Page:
About the Initiative
Under the Clean Energy Future (CEF) plan the Australian Government committed to further work to investigate the merits of a possible national Energy Savings Initiative (ESI).
An ESI is a market-based tool for driving economy wide improvements in energy efficiency. An ESI would help consumers to save money by encouraging the identification and take-up of energy efficient technologies. Schemes currently operate in New South Wales, Victoria and South Australia, and the Australian Capital Territory scheme will commence in January 2013.
The CEF plan states that the further work on a national ESI will be 'the subject of detailed policy analysis, economic modelling and consultation with the community, industry and State and Territory governments'. This further work is currently underway.
Subject to the economic modelling and a regulatory impact analysis, the Australian Government will make a final decision on whether to adopt a national ESI. A national ESI would be conditional on the agreement of the Council of Australian Governments and the abolition of existing and planned state schemes.
How is RET involved?
The Department of Resources, Energy and Tourism is working with the Department of Climate Change and Energy Efficiency to further investigate the merits of a possible national Energy Savings Initiative (ESI).
In line with the commitment made in the CEF plan, the Government has established an ESI Working Group to lead the further work, comprising senior officials from the Department of Resources, Energy and Tourism and the Department of Climate Change and Energy Efficiency (ESI Working Group terms of reference).
The ESI Working Group's investigations are being assisted by an Advisory Group comprising State and Territory government officials and representatives of peak industry groups, energy market organisations, and environmental, union, community and welfare organisations.
Release of consultant reports
The Australian Government is undertaking further design work on a possible national ESI. Reports, such as the consultant reports released on 11 December 2012, have been prepared by consultants to assist with this work. However:
- these reports should not be interpreted as reflecting Government thinking on the design of a possible national ESI (for example, comments by consultants about the eligibility of activities for creating certificates should not be interpreted as a proposed list of eligible activities under a possible national scheme); and
- the reports should not be interpreted as a commitment by Government to a policy or course of action.
Release of the progress report
The ESI Working Group released a progress report in August 2012 to update the Australian Government on the progress of work investigating the costs and benefits of a possible national ESI. It outlines the ESI Working Group's preliminary views on a range of issues relevant to a possible national ESI, including:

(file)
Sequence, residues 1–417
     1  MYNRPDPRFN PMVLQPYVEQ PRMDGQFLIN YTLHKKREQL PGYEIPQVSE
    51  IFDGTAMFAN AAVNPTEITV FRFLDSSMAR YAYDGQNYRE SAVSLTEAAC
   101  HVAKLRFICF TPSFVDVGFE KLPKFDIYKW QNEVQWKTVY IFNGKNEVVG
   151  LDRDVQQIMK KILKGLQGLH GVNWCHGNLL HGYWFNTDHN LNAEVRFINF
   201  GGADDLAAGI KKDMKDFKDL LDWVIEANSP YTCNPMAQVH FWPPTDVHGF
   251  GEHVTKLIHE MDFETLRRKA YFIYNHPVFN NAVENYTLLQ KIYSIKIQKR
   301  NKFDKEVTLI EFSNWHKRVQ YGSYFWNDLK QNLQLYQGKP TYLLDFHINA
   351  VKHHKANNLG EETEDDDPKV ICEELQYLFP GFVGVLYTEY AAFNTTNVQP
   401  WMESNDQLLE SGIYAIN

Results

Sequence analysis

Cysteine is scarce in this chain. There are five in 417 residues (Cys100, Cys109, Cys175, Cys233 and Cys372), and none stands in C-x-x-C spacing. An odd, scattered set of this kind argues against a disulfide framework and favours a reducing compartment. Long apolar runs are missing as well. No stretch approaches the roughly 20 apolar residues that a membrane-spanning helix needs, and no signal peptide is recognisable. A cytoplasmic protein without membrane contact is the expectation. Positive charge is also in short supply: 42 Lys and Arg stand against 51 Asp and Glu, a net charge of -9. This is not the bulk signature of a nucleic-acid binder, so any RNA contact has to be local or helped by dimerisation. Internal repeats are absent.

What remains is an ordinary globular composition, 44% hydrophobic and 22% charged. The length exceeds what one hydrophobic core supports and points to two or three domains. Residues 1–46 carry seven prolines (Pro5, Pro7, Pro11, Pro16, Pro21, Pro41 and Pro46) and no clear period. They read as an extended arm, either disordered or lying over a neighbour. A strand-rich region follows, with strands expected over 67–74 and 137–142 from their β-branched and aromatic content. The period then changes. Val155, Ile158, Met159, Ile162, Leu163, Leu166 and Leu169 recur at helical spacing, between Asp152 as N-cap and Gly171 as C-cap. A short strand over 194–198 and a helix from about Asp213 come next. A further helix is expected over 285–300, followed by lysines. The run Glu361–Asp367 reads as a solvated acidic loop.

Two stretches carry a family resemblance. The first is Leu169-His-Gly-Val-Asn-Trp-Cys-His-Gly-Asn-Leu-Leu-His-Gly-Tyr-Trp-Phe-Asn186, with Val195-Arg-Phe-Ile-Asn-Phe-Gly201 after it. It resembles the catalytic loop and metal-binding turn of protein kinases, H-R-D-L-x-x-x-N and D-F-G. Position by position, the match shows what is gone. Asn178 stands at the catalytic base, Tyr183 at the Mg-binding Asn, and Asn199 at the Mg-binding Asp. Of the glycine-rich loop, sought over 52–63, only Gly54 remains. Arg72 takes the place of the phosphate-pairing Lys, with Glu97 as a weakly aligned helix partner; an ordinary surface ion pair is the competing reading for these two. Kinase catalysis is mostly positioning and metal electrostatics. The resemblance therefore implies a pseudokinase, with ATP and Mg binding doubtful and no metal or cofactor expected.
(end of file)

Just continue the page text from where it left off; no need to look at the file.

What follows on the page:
- an objective for a possible national scheme
- a proposed approach to complementarity with the carbon pricing mechanism, the Renewable Energy Target and the national energy markets
- sectoral and fuel coverage issues
- scheme architecture
- options within a national ESI for specifically targeting energy efficiency activities at low-income households or in ways that help reduce peak electricity demand.
The purpose of the progress report is not to present the ESI Working Group's final recommendations for a national scheme. Rather, this report narrows down options to underpin further cost-benefit analysis through the regulatory impact analysis to be undertaken in the second half of 2012.
The ESI Working Group released an issues paper in December 2011 and following that a series of consultation events, including public workshops and one-on-one meetings, were undertaken during January and February 2012. A public presentation on the modelling approach was held in Melbourne on 2 February 2012.
An Information Paper titled “Investigation of a National Energy Savings Initiative: economic modelling and potential regulatory impacts” is currently being prepared.
Reference has previously been made to a ‘Regulatory Impact Analysis – Consultation Paper’. A regulatory impact analysis “is the process of examining the likely impacts of a proposed regulation and a range of alternative options which could meet the government’s policy objectives”. It is important to note that a formal regulatory impact analysis is not necessary at this time as the Australian Government is not proposing regulation but is undertaking further work to investigate the merits of a possible national Energy Savings Initiative.
The results of the Energy Savings Initiative investigation will be in an Information Paper which follows the standard approach and structure of a regulatory impact analysis. However, in the interest of avoiding confusion with a formal regulatory impact analysis, the Information Paper will be called the “Investigation into a National Energy Savings Initiative: economic modelling and potential regulatory impacts”.
If the Australian Government decides to support a proposal for a national Energy Savings Initiative, it would take the proposal to the Council of Australian Governments for agreement, and the Information Paper could be used to inform a formal regulatory impact analysis.
The Information Paper will be available on this website and stakeholders may provide comments on the paper. These comments may be used in conjunction with the Information Paper when presenting the results of the investigation about the merits of a possible Energy Savings Initiative to the Government.
To register to receive more information about the national ESI policy investigation process email firstname.lastname@example.org.
Further detail about the Government's commitment to do further work on a possible national ESI and the ESI Working Group is available on the Department of Climate Change and Energy Efficiency's website.